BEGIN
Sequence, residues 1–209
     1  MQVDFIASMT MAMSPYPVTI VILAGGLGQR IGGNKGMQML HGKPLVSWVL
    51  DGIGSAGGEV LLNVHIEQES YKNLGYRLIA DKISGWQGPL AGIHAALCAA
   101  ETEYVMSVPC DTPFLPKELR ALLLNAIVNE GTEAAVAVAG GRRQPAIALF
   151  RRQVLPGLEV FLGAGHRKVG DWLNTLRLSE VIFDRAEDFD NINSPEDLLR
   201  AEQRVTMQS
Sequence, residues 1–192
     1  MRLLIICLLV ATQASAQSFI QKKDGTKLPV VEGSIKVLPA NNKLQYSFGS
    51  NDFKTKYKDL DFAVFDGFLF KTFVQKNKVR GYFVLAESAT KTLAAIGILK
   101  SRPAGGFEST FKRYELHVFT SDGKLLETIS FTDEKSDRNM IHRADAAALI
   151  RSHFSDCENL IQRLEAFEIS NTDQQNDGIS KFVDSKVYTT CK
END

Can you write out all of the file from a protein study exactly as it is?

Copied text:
Sequence, residues 1–209
     1  MQVDFIASMT MAMSPYPVTI VILAGGLGQR IGGNKGMQML HGKPLVSWVL
    51  DGIGSAGGEV LLNVHIEQES YKNLGYRLIA DKISGWQGPL AGIHAALCAA
   101  ETEYVMSVPC DTPFLPKELR ALLLNAIVNE GTEAAVAVAG GRRQPAIALF
   151  RRQVLPGLEV FLGAGHRKVG DWLNTLRLSE VIFDRAEDFD NINSPEDLLR
   201  AEQRVTMQS
Sequence, residues 1–192
     1  MRLLIICLLV ATQASAQSFI QKKDGTKLPV VEGSIKVLPA NNKLQYSFGS
    51  NDFKTKYKDL DFAVFDGFLF KTFVQKNKVR GYFVLAESAT KTLAAIGILK
   101  SRPAGGFEST FKRYELHVFT SDGKLLETIS FTDEKSDRNM IHRADAAALI
   151  RSHFSDCENL IQRLEAFEIS NTDQQNDGIS KFVDSKVYTT CK